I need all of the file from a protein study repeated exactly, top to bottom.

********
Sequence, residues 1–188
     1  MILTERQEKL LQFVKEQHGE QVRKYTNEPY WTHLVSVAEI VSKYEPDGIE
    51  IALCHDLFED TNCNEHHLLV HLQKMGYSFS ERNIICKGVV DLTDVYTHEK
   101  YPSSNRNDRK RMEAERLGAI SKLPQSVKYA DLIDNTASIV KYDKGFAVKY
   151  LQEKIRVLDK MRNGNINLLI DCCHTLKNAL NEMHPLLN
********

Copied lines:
Sequence, residues 1–188
     1  MILTERQEKL LQFVKEQHGE QVRKYTNEPY WTHLVSVAEI VSKYEPDGIE
    51  IALCHDLFED TNCNEHHLLV HLQKMGYSFS ERNIICKGVV DLTDVYTHEK
   101  YPSSNRNDRK RMEAERLGAI SKLPQSVKYA DLIDNTASIV KYDKGFAVKY
   151  LQEKIRVLDK MRNGNINLLI DCCHTLKNAL NEMHPLLN